The Court denied plaintiffs' motion to compel nationwide database discovery at a conference held on the record on January 9, 2004.*fn2 After the Court rendered its ruling, a discussion ensued regarding open discovery and scheduling issues. It is clear from the transcript that both the parties and the Court understood that the February 2004 deadline for completion of non-expert discovery remained in place (see 1/9/04 Tr. at 9:21-22, 10:23 to 12:17, 13:3-7, 15:2 to 16:16, 17:14-23, 18:4-7, 24:10-25), with only limited exceptions discussed at that conference and/or specifically contemplated by the RCMP.*fn3
II. Class Certification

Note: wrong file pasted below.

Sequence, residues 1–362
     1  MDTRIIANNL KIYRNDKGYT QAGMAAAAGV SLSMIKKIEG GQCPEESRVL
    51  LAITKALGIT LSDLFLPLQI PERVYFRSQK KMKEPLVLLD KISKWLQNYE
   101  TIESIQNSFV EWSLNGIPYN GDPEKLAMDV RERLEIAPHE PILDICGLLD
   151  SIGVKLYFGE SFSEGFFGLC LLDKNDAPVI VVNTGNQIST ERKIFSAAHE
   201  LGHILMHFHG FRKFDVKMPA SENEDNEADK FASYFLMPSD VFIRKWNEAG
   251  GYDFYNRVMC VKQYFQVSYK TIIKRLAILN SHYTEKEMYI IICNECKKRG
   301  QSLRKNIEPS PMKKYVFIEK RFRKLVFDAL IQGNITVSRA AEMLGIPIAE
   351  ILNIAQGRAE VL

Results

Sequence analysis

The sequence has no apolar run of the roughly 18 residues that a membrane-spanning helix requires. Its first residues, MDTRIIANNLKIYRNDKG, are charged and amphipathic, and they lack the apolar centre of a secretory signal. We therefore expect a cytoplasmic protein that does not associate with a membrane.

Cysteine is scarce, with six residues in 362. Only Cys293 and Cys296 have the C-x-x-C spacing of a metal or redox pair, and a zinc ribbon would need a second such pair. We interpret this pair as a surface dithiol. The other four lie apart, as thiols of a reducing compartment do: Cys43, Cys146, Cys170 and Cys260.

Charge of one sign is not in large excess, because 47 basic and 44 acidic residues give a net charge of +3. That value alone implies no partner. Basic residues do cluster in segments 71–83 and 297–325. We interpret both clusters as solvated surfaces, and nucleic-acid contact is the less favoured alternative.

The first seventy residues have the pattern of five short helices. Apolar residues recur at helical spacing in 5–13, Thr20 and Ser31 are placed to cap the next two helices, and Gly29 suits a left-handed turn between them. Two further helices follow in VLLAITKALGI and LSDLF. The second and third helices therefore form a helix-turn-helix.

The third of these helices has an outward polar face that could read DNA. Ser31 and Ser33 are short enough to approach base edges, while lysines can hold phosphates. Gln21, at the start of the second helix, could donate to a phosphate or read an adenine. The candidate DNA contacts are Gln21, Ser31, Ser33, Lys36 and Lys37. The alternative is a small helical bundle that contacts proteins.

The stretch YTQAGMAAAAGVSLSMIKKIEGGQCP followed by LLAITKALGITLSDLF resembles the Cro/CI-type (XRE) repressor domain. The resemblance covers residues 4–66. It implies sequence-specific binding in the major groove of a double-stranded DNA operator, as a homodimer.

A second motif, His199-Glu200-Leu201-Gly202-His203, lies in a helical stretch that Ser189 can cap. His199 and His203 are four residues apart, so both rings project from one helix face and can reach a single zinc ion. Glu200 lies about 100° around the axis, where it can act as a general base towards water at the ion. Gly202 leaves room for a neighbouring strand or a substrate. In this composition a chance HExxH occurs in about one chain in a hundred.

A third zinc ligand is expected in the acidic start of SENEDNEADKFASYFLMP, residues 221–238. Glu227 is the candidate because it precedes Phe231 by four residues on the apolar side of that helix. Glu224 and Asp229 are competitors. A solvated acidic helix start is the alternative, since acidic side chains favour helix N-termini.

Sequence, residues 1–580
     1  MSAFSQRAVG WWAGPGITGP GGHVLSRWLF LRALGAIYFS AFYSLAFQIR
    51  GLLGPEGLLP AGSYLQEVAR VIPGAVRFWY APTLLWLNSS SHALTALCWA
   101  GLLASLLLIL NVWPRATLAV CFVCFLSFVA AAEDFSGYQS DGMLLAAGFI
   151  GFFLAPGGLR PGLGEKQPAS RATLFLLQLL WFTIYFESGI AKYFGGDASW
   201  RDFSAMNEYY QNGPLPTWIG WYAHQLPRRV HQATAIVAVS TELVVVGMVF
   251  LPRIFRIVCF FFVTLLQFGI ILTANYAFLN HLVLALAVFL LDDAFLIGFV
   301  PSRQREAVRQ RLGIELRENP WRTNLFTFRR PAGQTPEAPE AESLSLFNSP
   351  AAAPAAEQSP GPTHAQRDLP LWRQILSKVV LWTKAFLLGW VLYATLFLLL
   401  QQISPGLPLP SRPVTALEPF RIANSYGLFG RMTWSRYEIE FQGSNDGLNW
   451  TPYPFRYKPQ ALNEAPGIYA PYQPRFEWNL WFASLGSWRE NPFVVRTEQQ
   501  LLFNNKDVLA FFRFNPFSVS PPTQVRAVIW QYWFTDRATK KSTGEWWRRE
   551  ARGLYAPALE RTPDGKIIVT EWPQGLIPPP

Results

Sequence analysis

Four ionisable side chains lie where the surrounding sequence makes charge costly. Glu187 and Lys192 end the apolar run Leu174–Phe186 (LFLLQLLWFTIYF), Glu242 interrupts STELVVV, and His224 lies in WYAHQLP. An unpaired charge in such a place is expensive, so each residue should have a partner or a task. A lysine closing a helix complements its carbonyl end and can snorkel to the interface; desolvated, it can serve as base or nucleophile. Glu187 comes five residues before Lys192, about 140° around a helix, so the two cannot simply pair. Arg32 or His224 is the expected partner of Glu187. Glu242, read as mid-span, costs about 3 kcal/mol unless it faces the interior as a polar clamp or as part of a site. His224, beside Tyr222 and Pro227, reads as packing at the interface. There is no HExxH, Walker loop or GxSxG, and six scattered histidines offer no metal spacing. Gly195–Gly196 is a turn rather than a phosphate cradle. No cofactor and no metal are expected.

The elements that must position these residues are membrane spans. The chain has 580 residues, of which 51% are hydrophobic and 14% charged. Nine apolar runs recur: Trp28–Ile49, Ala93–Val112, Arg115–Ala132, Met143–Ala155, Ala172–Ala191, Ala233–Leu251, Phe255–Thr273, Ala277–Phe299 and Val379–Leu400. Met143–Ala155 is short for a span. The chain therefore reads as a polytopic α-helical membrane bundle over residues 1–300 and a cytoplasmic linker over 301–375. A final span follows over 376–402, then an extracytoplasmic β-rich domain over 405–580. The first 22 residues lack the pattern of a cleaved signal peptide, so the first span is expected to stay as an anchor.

On June 14, 2004, plaintiffs moved to certify a class consisting of "all current and former female employees who have been employed by the defendants in positions eligible for the award of officer titles such as Assistant Vice President, Vice President and Senior Vice President at any time from October 30, 1998 through the present." (P. Mem. in Support of Class Cert. at 2.) Though the plaintiffs thus apparently sought certification of a class of employees employed by defendants through the date of the motion's submission, the Court mistakenly interpreted plaintiffs' proposed class as including only employees who worked for defendants from 1998 through 2001, and certified the class accordingly. See Hnot, 228 F.R.D. at 480, 486-87. The misunderstanding resulted from the fact that the evidence presented by plaintiffs to support certification did not extend beyond that time period. (See P. Reply Mem. at 2 (conceding that "the data analysis Plaintiffs relied upon in support of their motion [for class certification] did not extend past 2001").) As a result of the Court's narrow interpretation of the proposed class, the certification order did not address whether a broader class could or should be certified based on the data submitted with plaintiffs' original class certification motion.